Monday, 27 February 2017

New protocol to tax treaty between Singapore and India provides for source-based taxation of gains on shares

On 30 December 2016, Singapore and India announced the signing of a third protocol to the 1994 tax treaty, which will allow India to tax capital gains on investments routed through Singapore. The amendments to the treaty have been expected since India amended its tax treaties with Mauritius  in April 2016 and November 2016, respectively, to prevent the “round tripping” of funds. Singapore’s treaty with India contains a provision that the capital gains benefit will apply only as long as the capital gains benefit continues under the India-Mauritius treaty.
The Singapore-India treaty currently provides for residence-based taxation of capital gains derived from the sale of shares in a company. The third protocol, which is expected to take effect no later than 1 April 2017, will provide for source-based taxation of such gains, with a concessional tax rate applying for all shares acquired on or after 1 April 2017 and sold by 31 March 2019.
To provide certainty to investors, the two governments agreed that all investments in shares made before 1 April 2017 will be “grandfathered.” However, the grandfathering treatment (i.e. taxation only in Singapore of gains derived by a Singapore resident) will apply only if the Singapore resident satisfies the prescribed conditions in the limitations on benefits clause in the treaty.
With respect to shares of an Indian company acquired by a Singapore resident on or after 1 April 2017 and sold by 31 March 2019, a capital gains tax will be payable in India at 50% of the prevailing tax rate. The capital gains tax rate in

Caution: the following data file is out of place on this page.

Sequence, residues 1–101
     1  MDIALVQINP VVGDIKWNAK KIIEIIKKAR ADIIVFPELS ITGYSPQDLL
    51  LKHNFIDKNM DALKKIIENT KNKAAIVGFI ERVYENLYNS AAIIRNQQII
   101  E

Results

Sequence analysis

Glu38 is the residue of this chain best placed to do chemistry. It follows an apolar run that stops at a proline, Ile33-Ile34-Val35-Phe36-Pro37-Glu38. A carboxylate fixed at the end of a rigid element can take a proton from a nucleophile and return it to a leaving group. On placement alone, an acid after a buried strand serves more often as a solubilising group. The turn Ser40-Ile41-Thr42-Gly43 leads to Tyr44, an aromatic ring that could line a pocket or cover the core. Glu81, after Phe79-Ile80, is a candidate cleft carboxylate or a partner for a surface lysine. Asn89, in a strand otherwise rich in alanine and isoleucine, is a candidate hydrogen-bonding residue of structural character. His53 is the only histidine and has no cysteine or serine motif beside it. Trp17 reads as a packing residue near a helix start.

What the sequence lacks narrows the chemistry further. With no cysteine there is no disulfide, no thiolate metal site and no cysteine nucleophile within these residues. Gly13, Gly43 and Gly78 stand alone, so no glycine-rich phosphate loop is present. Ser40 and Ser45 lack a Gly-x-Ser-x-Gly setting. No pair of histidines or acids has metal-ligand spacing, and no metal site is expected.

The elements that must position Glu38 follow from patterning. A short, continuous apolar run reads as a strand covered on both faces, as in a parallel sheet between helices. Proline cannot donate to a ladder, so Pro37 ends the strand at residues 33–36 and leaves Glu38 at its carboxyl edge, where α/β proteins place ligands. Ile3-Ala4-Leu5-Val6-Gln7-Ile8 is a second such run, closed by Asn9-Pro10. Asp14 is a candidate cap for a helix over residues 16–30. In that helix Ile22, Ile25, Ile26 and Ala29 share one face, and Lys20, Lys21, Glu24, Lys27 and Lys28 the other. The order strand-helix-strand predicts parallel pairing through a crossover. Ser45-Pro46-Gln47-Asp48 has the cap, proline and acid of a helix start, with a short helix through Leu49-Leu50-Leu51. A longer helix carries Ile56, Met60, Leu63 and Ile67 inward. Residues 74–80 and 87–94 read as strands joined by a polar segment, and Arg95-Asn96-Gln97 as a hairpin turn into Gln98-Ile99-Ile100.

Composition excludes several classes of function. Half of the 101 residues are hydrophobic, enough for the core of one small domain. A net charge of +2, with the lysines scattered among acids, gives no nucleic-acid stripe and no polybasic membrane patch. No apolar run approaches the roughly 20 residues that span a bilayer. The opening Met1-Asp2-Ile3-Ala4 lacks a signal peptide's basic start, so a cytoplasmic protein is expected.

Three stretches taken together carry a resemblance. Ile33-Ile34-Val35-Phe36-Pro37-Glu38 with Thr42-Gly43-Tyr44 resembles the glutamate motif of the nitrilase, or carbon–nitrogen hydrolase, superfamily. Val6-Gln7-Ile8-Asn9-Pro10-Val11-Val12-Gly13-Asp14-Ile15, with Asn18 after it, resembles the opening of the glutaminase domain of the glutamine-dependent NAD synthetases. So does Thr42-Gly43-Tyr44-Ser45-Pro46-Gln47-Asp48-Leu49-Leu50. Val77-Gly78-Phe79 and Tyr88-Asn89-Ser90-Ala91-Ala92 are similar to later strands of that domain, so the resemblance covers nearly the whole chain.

India currently is 10% for long-term capital gains arising on the sale of shares of unlisted companies and 30% for short-term capital gains (i.e. shares of an unlisted company that are held for less than 24 months). This reduced taxation under the treaty will be applicable only if the conditions in the limitation on benefits clause are satisfied. Any capital gains arising from the sale of shares acquired on or after 1 April 2017 and sold on or after 1 April 2019 will be
taxable in India at the prevailing tax rates.
The third protocol also inserts article 9(2) of the OECD model convention into the existing article 9 of the treaty. The new paragraph will facilitate the conclusion of bilateral advance pricing arrangements between the two countries and eliminate double taxation arising from adjustments made pursuant to transfer pricing or related party transactions.
This new paragraph is included to implement the BEPS standards relating to the mutual agreement procedure in transfer pricing cases.

Source: Deloitte